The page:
Despite American criticism of forced or coerced labor in other countries, a similar trend is occurring among incarcerated Americans, with prisoners having to work for less than a dollar a day.
This post originally appeared at Occupy Democrats
by Justin Acuff
This trend isn’t just beginning — it is now occurring on a massive scale, with a million prisoners doing this work. The worst part is, companies utilizing this cheap labor pool are major corporations, such as Walmart:
One of Walmart’s suppliers, Martori Farms, was the subject of an exposé by Truthout in which one female prisoner described her typical day working for the private company.
Currently, we are forced to work in the blazing sun for eight hours. We run out of water several times a day. We ran out of sunscreen several times a week. They don’t check medical backgrounds or ages before they pull women for these jobs. Many of us cannot do it! If we stop working and sit on the bus or even just take an unauthorized break, we get a major ticket which takes away our ‘good time’.
In response, Joseph Oddo, Martori Farms’ human resource director, told the Guardian that the company is no longer using inmates because prisons are not always able to provide workers on call the way they need. Oddo also said that workers were provided enough water, but the prisoners didn’t sip it slowly enough.
In a press release on Walmart’s site, Ron McCormick, vice-president for produce, said, “our relationship with Martori Farms is an excellent example of the kind of collaboration we strive for with our suppliers.” (Source)
It’s not just that there is the possibility of jobs being taken away from citizens who are not incarcerated — it’s that these prisons market their labor force, and spend millions lobbying for laws that keep them full. It’s a for-profit prison industry with cash incentive to lock people up. Is it any surprise that we have the largest prison system in the world?
Private prisons profit from the incarceration of human beings. As I reported for Addicting Info
Private prisons are similar to the hotel industry in one simple way; they make money when they fill beds. They lose money when beds are empty. According to the Bureau of Justice statistics, the prison population has actually declined in recent years.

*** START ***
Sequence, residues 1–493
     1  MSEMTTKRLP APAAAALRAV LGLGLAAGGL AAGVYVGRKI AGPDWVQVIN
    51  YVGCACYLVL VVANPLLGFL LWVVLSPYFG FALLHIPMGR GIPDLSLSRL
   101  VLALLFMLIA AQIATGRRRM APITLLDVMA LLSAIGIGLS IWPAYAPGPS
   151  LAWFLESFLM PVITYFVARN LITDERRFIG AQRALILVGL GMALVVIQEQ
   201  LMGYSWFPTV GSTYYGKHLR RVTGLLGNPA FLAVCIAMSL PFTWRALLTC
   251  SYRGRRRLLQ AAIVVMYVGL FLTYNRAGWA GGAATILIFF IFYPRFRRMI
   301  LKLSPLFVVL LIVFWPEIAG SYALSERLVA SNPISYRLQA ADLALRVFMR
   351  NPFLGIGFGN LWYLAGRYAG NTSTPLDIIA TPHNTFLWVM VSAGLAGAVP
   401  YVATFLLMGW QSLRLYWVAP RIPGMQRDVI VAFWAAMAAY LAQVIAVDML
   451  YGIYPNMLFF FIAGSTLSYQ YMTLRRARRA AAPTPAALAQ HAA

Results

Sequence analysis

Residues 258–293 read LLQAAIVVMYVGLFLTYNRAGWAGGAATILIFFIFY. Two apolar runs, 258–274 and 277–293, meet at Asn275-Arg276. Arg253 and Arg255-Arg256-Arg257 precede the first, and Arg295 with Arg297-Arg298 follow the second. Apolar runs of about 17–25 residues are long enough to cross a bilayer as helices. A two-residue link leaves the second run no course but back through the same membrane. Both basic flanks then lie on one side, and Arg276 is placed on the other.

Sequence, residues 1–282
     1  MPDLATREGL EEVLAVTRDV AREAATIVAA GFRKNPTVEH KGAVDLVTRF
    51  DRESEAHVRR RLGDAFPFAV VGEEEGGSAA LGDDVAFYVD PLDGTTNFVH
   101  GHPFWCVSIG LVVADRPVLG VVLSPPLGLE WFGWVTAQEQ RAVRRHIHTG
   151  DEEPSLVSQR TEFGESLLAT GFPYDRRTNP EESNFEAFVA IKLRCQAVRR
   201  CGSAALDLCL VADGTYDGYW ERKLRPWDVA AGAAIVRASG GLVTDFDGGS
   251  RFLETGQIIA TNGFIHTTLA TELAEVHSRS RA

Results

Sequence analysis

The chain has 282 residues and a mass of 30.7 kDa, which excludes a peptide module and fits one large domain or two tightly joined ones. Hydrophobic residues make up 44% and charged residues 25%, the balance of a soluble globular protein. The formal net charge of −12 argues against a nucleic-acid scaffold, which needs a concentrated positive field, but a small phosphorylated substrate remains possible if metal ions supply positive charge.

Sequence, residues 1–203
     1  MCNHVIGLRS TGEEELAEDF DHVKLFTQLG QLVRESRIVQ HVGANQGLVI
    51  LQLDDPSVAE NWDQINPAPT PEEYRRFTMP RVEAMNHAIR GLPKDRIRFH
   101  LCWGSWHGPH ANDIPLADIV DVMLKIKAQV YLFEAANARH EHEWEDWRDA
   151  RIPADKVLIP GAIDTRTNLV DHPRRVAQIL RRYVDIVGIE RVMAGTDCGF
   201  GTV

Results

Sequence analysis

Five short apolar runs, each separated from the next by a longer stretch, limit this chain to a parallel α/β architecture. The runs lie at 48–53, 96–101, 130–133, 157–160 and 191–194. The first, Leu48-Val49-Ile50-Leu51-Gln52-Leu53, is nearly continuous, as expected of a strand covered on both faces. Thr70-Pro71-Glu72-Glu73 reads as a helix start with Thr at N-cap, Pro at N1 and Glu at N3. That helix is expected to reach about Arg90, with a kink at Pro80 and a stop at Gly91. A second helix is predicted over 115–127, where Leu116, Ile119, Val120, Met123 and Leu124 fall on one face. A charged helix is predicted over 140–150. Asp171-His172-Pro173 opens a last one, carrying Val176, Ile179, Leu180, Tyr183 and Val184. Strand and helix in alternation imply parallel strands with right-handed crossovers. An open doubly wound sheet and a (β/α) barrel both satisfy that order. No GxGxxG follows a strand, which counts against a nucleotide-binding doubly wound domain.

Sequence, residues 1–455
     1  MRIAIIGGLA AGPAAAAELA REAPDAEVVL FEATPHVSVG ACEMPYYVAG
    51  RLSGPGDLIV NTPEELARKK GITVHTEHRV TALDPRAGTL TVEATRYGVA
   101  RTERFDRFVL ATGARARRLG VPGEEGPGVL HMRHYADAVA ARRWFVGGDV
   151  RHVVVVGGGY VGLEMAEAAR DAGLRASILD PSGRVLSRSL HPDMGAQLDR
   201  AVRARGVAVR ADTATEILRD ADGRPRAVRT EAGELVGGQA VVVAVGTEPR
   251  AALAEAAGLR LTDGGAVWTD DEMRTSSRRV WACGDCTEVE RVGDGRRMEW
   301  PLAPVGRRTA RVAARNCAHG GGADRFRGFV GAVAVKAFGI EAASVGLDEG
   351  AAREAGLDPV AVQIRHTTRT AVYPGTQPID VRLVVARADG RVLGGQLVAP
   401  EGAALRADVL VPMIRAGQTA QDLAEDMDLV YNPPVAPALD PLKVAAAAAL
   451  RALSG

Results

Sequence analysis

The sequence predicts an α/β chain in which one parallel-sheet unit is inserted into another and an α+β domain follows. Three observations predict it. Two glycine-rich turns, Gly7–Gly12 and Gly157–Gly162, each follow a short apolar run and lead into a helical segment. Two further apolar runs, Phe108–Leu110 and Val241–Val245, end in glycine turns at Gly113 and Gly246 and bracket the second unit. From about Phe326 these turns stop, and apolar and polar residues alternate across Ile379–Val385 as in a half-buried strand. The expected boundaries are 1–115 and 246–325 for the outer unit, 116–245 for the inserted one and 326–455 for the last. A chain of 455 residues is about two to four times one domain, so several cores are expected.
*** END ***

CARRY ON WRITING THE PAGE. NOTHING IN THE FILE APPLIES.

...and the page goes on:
She goes on to report that the declining prison population has caused for-profit prisons and lobbyists to become more proactive, spending money lobbying Congress and others to create laws that create more prisoners, more people in jail, and, because they also own multiple detention facilities that deal with immigrants, harsher laws regarding immigration.
Another big problem with for-profit prisons is that the goal of profit conflicts with the goal of a prison — to house inmates while they serve their sentences and attempt rehabilitation, preventing recidivism. When you put profit into the equation, you’re giving prisons incentive to ensure that prisoners have a high chance of reoffending.
It is difficult to reconcile the ownership and operation of prisons as a for-profit venture, knowing that they run and thrive on filling beds with offenders, while simultaneously providing ‘rehabilitation’ of inmates. Every prisoner that is helped with treatment, with schooling, with counseling is a potential lost ‘customer’ for the corporation. This leaves little incentive for the for-profit prison system to actually do what the prison system is designed to do. With the exception of those locked up for decades or life, the prison system is a way of isolating offenders for a time so that they can mature, grow, and become better, productive citizens who will be released at some point down the road. A for-profit prison has no reason to make their inmates better people. They need them to reoffend. It’s good for business. (Source)
And like most hugely profitable industries, there are millions spent on lobbying for favorable laws — in this case, things like the drug war, keeping prison populations high. Young Progressive Voices reports,
The industry, through activists and lobbyists, controls legislators on the state level. Take the CCA, for example. Operating in an industry that has exploded by 1600% over the last 20 years, the Corrections Corporation for America is currently housing 80,000 inmates in 60 facilities in 16 different states. Pressure is put on legislators to pass laws that benefit the private prison industry.
Here’s a video from Russia Today talking about the China-like labor force utilized in American prisons: